Las Vegas-based Allegiant Air will say aloha to Hawaii and end its nonstop service between the U.S. mainland and Honolulu in August.
Representatives of the company announced to employees Monday and Tuesday that it would retire its Boeing 757 fleet instead of undertaking the expense of “D check” maintenance, the most thorough overhaul that aircraft undergo, normally occurring about once every six years.
Jude Bricker, Allegiant’s senior vice president of planning, told Honolulu-based Allegiant employees about the plans in person on Monday. Those employees will be offered positions elsewhere in the Allegiant system.
Other employees were told at a town hall-style meeting Tuesday.
Allegiant began flying to Hawaii in 2012, initially offering its successful formula of linking resort communities with small cities. In the early going, the airline flew routes to Honolulu from Fresno and Stockton, Calif., Eugene, Ore.; and Boise, Idaho, in addition to Las Vegas. It eventually added Hawaii flights from Mesa, Ariz., and Bellingham, Wash., introducing Maui service from the Washington border community.
But Allegiant ended its Bellingham flights in September 2014 and its Mesa-Honolulu service in December that year. Now, Allegiant only flies to Honolulu from Las Vegas and Los Angeles International Airport.
Speaking on background, an Allegiant executive said a decision was reached to retire the company’s five twin-engine Boeing 757 jets when they accumulate enough hours to require a D check. Considered the most rigorous maintenance event, D checks normally take about 50,000 man hours to complete, can take two months to finish and essentially involves taking the entire aircraft apart to be refurbished or have parts replaced.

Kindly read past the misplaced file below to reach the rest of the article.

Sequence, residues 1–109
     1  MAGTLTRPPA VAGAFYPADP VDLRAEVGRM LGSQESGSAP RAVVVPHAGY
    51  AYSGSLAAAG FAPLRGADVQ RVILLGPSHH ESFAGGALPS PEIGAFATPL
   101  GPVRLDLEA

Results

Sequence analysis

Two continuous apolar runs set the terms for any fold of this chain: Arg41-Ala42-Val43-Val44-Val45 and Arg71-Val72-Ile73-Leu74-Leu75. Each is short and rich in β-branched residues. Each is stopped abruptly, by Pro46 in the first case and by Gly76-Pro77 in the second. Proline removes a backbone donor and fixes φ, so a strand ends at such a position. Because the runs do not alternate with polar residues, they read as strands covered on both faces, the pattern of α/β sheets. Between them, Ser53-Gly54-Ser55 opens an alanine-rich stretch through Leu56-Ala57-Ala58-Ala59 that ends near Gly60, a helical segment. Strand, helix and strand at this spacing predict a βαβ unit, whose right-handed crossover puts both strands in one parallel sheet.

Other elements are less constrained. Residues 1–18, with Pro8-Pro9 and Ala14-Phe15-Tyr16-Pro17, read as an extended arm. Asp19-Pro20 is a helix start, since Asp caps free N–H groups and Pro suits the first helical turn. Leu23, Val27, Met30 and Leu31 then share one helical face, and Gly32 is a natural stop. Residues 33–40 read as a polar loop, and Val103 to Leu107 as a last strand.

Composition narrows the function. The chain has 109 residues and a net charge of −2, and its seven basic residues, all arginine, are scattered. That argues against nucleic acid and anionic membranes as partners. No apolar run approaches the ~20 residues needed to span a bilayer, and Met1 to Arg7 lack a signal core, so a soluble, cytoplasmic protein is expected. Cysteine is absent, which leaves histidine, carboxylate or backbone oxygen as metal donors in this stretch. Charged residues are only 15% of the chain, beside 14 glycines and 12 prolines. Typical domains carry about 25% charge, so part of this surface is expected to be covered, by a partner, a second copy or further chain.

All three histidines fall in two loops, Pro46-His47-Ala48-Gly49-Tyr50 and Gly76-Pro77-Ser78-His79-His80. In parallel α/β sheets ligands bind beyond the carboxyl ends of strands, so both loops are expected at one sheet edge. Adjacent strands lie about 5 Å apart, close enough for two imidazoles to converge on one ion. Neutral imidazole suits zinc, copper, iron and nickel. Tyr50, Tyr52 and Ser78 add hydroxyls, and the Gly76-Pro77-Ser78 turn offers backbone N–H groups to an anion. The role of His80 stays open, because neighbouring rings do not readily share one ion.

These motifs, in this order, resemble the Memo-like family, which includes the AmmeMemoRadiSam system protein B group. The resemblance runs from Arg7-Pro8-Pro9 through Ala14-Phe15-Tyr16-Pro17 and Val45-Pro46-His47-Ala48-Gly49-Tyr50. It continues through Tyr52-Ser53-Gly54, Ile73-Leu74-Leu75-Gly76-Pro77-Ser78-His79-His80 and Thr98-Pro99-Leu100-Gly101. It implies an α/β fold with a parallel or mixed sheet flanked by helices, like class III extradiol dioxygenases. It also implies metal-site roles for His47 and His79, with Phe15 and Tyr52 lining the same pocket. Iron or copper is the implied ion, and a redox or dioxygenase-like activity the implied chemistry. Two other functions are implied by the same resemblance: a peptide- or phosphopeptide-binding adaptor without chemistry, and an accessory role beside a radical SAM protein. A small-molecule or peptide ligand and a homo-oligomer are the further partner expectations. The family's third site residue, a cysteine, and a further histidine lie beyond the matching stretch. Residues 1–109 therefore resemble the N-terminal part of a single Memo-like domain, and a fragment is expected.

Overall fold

Rather than bear the expense of the heavy maintenance, the company opted to retire the planes since there’s virtually no aftermarket for the used 757s.
When Allegiant started Hawaii service, it had six 757s. One plane has already been retired. Three of them will be due for D checks by the beginning of the fourth quarter leading to the decision to end Hawaii service prior to the Labor Day holiday. The two remaining 757s will fly routes from Las Vegas until they reach the end of their flying cycles.
When employees got the bad news about Hawaii, they got some good news about their paychecks.
At the meeting, employees were told that the board of directors voted to pay a one-time bonus to them as a result of the company’s profitable year to date. Eligible employees will receive 5 percent of the amount they have been paid through the first three quarters of 2015. Bonuses will only go to non-executives below the vice presidential level.
That means an employee who makes $40,000 a year would receive a bonus of about $1,500.
Bonus checks will be delivered in mid-December.
There are 470 Allegiant employees at McCarran International Airport and 724 at the company’s corporate headquarters in Las Vegas. Systemwide, there are 2,944 employees. Of them, there are 19 that are vice presidents or higher that won’t be eligible for bonuses.
Contact reporter Richard N. Velotta at firstname.lastname@example.org or 702-477-3893. Find @RickVelotta on Twitter.